Sunday, February 5, 2017

The Hermitages

During our time in Nashville, we were lucky enough to stay at the historic Hermitage Hotel located in the heart of down town. This hotel is gorgeous and the definition of luxurious. The hotel opened in 1910 and was named after Andrew Jackson's estate located right outside of Nashville.

There was personalized stationary waiting for me when I got to my room, and sweet house keeping would leave me a cute note and a couple of chocolates every day. Such fun little details.

We ate at the Capitol Grille a couple of times during our stay, and it was pretty good. I had the best brussel sprouts of my life there, they were tangy sweet and roasted just right.

I loved the design of their menus it was a little unexpected for such a fancy restaurant.

Whenever there was a bourbon dessert on a menu, we made sure to get it, so when we saw bourbon pecan pie, there was no question, we had to try it.

On our second day in Nashville we visited the famous estate for which our hotel was named, Andrew Jackson's very own Hermitage.  Jackson commissioned construction of a more refined house; the original mansion was a two-story Federal-style building, built with bricks manufactured on-site, and completed between 1819 and 1821. A simple portico was added later, in 1831, while Jackson was away in the White House, he had the mansion remodeled with flanking one-story wings, a one-story entrance portico with 10 columns, and a small rear portico giving the house a Classical appearance. The back of the house is in the original red brick and the front is white this giving the side of the house a somewhat mix matchy kind of look.

The inside of the home is absolutely gorgeous! The entry hall with plank flooring painted dark is decorated with block-printed wallpaper by Joseph Dufour et Cie of Paris, depicting scenes from Telemachus' visit to the island of Calypso, from Homer's Odyssey.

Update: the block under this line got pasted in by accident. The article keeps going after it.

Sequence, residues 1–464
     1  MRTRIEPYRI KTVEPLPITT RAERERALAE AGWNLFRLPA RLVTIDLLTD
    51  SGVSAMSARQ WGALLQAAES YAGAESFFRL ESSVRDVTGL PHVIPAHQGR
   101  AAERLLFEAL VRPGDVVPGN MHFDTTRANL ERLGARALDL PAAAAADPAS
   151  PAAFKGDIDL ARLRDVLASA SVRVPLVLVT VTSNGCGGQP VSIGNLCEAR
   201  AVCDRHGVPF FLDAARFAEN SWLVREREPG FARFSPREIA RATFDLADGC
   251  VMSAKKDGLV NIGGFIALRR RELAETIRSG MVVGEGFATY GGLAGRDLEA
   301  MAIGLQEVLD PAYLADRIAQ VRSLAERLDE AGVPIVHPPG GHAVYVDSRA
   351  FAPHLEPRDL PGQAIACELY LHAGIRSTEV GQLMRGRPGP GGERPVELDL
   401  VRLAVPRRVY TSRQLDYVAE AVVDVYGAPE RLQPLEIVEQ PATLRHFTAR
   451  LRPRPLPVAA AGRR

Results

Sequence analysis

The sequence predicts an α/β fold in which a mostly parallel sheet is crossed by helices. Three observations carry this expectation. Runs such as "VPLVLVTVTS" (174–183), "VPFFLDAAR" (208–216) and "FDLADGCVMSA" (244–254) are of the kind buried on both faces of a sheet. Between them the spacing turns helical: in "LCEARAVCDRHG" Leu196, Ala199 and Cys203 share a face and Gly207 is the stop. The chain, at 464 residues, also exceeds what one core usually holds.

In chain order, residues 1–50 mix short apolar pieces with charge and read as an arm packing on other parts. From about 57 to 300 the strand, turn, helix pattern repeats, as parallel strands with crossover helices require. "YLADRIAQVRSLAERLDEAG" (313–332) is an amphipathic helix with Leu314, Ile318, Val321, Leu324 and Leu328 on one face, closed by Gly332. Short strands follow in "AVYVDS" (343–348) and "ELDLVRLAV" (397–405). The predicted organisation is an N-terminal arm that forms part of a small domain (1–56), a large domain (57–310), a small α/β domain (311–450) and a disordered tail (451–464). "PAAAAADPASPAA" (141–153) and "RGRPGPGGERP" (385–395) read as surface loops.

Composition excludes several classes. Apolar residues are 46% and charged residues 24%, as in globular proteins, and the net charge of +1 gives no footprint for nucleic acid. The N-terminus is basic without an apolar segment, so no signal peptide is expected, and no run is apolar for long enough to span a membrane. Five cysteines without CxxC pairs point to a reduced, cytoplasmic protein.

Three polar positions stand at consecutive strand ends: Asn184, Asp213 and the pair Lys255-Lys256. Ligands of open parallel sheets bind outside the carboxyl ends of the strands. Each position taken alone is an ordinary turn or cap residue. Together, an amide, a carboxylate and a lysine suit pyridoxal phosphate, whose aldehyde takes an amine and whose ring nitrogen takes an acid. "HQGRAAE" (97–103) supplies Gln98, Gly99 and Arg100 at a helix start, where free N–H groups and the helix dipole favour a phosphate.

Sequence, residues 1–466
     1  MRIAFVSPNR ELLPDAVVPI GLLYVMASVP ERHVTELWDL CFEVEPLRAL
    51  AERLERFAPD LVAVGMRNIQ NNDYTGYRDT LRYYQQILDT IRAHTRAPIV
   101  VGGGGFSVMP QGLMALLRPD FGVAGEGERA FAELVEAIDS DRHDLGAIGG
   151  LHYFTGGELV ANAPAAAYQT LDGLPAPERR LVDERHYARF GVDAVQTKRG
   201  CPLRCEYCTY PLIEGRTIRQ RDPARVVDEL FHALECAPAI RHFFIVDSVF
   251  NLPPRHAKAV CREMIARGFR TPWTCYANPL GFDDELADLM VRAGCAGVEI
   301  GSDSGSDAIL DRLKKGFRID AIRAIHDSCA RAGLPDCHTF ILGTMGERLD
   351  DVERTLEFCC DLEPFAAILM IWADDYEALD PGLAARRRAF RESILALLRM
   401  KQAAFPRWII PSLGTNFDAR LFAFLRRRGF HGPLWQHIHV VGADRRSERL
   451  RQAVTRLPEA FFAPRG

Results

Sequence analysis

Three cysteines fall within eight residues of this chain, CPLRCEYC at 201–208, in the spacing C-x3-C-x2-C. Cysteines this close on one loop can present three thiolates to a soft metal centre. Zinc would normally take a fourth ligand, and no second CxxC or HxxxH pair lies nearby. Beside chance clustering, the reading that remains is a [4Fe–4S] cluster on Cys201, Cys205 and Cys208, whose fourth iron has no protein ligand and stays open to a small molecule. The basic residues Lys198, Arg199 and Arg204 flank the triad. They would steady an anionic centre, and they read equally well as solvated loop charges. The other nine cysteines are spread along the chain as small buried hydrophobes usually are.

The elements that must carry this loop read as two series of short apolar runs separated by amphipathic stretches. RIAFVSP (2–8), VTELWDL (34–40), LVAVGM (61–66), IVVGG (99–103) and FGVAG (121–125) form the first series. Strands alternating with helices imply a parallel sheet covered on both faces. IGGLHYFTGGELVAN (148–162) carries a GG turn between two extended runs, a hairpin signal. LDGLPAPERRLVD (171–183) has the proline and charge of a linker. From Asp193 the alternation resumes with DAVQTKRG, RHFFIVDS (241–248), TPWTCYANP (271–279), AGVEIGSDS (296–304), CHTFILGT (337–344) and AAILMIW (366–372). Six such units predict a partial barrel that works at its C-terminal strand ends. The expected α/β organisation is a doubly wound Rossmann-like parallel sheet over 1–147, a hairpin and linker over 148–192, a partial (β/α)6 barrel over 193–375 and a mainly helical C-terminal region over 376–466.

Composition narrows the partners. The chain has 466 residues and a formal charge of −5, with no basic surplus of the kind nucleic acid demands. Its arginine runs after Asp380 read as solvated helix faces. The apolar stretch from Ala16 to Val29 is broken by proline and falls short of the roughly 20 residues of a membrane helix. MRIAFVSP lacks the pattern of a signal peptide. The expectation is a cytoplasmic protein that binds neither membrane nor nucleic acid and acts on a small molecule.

If you can't tell by all the pictures, I was in love with the wall paper, it is stunning. I loved the bold. vivid colors and the extremely detailed scenes.

The house is decorated in a typical southern plantation style, brightly colored walls to help reflect the sun light, heavy bed drapery for the winters, light airy ones for the summer etc. It's a beautiful home.

Upstairs, the amazing wallpaper continued in the main hallway. There are quite a few bedrooms upstairs for guests to stay, we were told by our tour guide that often there would be so many guests that they would set up beds in the hallway and they would have a giant sleep over on the floor.

After touring the inside, it was time to explore the backyard and the grounds. To the east of the house is a 1-acre formal garden designed by Philadelphia-based gardener William Frost in 1819. Laid out in the English four-square kitchen garden style, it consists of four quadrants and a circular center bed contained by unusually long, beveled bricks and pebbled pathways. Originally, the garden was used to produce food for the mansion and secondarily as an ornamental pleasure garden. The garden is surrounded by a white picket fence 

After Rachel Jackson died in 1828, Jackson had her buried in the garden she loved. When he had the house remodeled in 1831, Jackson also had a classicizing "temple & monument" constructed for Rachel's grave. Craftsmen completed the domed limestone tomb with a copper roof in 1832. When Andrew Jackson passed away in 1837, he was buried right beside her.

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